Cats express themselves in various ways. As a cat owner, you might ask yourself, “Why is my cat doing this? What does it mean?”. From grazing against your legs, raising the hair on their backs, or purring – cats are constantly communicating with us in their own ways.
Let’s look at the typical reasons your feline family member might be biting.
- They don’t want to be pet anymore.
Often cats will bite amidst seemingly enjoyable pets you’re giving them. It can be confusing if you are loving on your cat and their demeanor suddenly switches to aggression. Sometimes your cat will pop up and bite you to let you know they don’t like where you’re petting or are over the attention.
If you touch a specific area of your cat and they nip you, it is probably their way of telling you that it is uncomfortable for them and they don’t want to be pet there. In these scenarios, look out for body language. Your cat will typically start to show subtle signs before a bite to signal that they want the petting to end. If they tense up or their tail and ears twitch and sway – you may want to stop before they get your hand! Please don’t fret; you have not hurt your cat or made them angry with you. They are just setting a boundary of their space and time when it comes to attention.
- They’re giving you a love nip.
A love bite might sound contradictory, but it is common for your cat to use a little nip to show affection. If you consider that cats use this behavior to show affection amongst each other, it is really heartwarming. This is one of the ways they are showing you that they love you.
But even a bite trying to show love can hurt and constitute unwanted behavior. If your cat is hurting you, use an adverse reaction to signal that you do not praise this. Cats will yelp or squeal to tell each other that something hurts. Mimicking this behavior can show your cat that you do not like nipping.
- They’re teething.
Like babies, if your cat is in its kitten phase – it might be experiencing teething pain. As their baby teeth shift and their permanent teeth come in, it can cause discomfort. Kittens will try to relieve this pain with anything they can get their mouths on – from your hand to the leg of a chair. Teething might go on for a few months and typically starts around nine weeks. So if your cat is around this age and nipping at you – don’t worry. Your kitten probably isn’t exhibiting any behavioral issues or trying to harm you; they are just dealing with their shifting teeth. It can be good to get specific kitten teething toys so you can deter them from using you as their chew toy.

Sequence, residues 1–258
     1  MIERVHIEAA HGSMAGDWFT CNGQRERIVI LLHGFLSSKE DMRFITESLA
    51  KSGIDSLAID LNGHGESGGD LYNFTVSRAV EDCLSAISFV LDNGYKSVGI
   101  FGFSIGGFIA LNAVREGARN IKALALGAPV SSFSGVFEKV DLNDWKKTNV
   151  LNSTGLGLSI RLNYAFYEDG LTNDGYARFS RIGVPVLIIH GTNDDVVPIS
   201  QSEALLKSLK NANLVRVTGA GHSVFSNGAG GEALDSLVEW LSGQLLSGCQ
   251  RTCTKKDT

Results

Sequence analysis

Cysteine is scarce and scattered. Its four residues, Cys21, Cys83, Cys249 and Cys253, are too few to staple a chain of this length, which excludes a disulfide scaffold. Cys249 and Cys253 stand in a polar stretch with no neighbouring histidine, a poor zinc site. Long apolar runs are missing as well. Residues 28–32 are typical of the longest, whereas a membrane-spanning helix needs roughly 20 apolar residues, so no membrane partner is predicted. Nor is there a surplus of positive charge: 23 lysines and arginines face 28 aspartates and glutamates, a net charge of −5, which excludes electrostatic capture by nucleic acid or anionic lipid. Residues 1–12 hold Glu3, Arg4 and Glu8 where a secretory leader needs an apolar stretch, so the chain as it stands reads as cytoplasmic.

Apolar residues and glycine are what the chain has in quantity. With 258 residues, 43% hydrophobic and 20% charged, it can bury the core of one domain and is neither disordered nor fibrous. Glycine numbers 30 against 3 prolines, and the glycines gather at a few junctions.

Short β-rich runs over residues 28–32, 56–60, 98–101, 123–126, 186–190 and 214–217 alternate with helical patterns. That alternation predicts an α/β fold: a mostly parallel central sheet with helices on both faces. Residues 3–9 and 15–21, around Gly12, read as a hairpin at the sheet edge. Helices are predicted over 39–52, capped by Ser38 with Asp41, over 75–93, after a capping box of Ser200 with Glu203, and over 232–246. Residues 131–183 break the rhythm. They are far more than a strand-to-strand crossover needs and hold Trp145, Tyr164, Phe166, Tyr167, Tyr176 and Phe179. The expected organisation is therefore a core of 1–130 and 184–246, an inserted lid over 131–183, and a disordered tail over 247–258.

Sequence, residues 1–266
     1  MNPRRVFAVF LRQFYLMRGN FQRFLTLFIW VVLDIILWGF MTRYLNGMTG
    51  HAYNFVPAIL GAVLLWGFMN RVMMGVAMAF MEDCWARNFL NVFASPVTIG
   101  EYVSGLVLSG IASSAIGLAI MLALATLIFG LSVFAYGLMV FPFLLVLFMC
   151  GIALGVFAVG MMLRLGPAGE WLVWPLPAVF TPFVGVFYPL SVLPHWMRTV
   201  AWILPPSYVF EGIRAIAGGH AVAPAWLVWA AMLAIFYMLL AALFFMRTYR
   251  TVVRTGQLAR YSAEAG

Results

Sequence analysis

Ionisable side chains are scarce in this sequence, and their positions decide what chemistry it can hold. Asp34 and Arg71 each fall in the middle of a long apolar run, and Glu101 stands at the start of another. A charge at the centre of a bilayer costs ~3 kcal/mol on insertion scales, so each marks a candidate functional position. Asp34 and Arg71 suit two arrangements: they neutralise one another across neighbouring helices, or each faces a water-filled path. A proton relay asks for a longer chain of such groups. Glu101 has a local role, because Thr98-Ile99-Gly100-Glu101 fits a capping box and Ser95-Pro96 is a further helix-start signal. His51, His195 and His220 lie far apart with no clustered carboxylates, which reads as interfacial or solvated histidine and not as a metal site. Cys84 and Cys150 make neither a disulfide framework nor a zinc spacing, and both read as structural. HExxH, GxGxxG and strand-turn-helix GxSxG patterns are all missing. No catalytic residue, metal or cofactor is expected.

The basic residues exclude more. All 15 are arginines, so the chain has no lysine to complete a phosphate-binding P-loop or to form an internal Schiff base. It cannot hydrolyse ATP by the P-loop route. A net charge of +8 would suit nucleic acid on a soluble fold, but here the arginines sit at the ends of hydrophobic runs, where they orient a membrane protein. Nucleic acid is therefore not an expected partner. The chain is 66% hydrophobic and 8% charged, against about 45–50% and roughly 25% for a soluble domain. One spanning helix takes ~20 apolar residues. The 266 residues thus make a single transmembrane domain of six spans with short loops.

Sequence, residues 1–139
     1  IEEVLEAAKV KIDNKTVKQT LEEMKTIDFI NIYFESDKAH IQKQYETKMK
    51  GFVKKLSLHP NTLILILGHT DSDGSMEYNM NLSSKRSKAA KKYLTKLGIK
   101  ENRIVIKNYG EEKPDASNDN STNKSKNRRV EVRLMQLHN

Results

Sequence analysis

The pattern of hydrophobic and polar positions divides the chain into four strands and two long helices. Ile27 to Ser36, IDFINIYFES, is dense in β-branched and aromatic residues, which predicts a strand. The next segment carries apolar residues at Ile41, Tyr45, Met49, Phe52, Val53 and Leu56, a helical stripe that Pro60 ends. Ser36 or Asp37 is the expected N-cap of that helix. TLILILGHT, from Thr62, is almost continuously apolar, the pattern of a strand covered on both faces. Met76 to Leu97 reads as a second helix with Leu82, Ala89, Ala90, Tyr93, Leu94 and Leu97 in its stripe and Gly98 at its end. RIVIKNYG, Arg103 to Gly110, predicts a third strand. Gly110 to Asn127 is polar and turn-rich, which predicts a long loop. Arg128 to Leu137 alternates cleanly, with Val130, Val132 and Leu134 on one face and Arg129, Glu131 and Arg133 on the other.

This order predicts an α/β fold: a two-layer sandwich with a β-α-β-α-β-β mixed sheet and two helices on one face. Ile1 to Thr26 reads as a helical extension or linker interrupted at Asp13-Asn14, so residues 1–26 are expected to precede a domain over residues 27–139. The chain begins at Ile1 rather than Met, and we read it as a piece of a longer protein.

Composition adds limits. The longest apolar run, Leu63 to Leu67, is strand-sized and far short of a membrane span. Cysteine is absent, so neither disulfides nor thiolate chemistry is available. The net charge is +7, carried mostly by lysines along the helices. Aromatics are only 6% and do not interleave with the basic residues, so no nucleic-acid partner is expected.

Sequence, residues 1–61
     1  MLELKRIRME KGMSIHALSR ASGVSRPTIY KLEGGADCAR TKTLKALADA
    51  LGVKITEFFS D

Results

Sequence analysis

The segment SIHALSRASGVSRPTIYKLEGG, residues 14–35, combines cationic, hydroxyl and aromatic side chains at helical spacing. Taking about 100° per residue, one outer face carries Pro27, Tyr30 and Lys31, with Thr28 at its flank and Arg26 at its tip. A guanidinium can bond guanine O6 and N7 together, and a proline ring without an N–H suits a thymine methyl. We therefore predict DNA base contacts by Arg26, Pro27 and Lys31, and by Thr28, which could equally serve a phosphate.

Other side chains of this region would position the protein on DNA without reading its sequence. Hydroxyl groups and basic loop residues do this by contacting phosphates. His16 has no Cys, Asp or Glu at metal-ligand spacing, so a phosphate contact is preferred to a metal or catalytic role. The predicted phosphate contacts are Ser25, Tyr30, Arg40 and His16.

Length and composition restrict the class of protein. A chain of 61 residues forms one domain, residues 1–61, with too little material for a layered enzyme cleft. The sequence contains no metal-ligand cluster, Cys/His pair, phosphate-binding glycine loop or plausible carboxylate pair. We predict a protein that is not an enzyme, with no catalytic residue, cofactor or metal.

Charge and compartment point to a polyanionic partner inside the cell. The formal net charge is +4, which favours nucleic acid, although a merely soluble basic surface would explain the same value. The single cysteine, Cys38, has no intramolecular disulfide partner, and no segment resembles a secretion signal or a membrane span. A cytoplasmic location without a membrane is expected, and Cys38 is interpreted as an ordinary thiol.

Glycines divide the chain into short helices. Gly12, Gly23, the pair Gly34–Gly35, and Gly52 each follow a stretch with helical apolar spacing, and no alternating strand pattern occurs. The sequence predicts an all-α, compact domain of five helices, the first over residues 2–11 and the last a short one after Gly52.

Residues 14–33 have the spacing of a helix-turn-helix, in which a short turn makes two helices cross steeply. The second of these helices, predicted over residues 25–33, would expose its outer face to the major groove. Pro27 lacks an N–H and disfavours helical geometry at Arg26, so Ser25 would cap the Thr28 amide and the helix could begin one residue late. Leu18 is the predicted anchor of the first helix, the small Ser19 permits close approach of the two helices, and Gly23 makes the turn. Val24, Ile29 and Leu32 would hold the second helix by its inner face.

- They’re not a fan of petting.
Every cat has personal preferences for showing affection and how they want to receive it. Your cat might not be a fan of lots of petting. Biting and other body language is their way of showing that they don’t want to be touched. To avoid being bitten, it is good to respect these boundaries and only pet your cat when they want. If you don’t listen to their initial signs of discomfort, their behavior might escalate, and you might get hurt.
It is not unusual for cats to be averse to petting as they like to have their own space. With that said, if your cat is usually fond of petting and starts to react with aggression, this could mean they are sick or injured. If this is the case, look out for other symptoms and consult your vet.
- They are scared.
Cats can easily get startled or nervous when things are changing around them. A shift in routine, location, or people are all factors that might make your cat experience fear. A cat’s natural reaction to being scared can be aggression or biting if you anticipate something that might startle your cat, prepare for this possible reaction. You might want to comfort them to relieve their anxiety, but it is better to let them decompress independently. Giving them attention at this time might warrant further unwanted behavior as they are on edge already.
- They are grooming you.
Cats will often groom themselves to remove knots or old hair from their fur. Using their rough tongues, they clean off their coat – and they might be trying to do the same thing to you. Your cat grooming you is one way they might choose to show affection; little nips or bites can sometimes accompany it. This behavior is meant to be loving, but again – it can hurt. Like any other time your cat is nipping you, and it is painful, let out a yelp to show them you don’t like it.
How do I know why my cat is biting?
Knowing some of the possible reasons your cat might be biting you is crucial to understanding what might explain a specific bite. In any of these instances, bites can be painful. It is essential to pay attention to how and when your cat is biting to decipher what might be making it do so. It is good to show your cat that you do not enjoy being nipped for any of these reasons. Establish that this behavior is not praised and deter them from putting your hands in their mouth.
If your cat is biting because they are showing you they are uncomfortable. It is probably best to leave them be. Don’t push more affection and take your cat’s bite as a sign that they need space.
Overall, biting is normal, and cats use it for various emotions. Pay attention to your feline family member and how they feel to determine what they might need – or don’t want. Like us, cats have boundaries, so respecting these will help reduce instances of them biting you.
If your cat is biting often and aggressively, you might want to work to deter this behavior and possibly discuss with your vet why your cat is lashing out.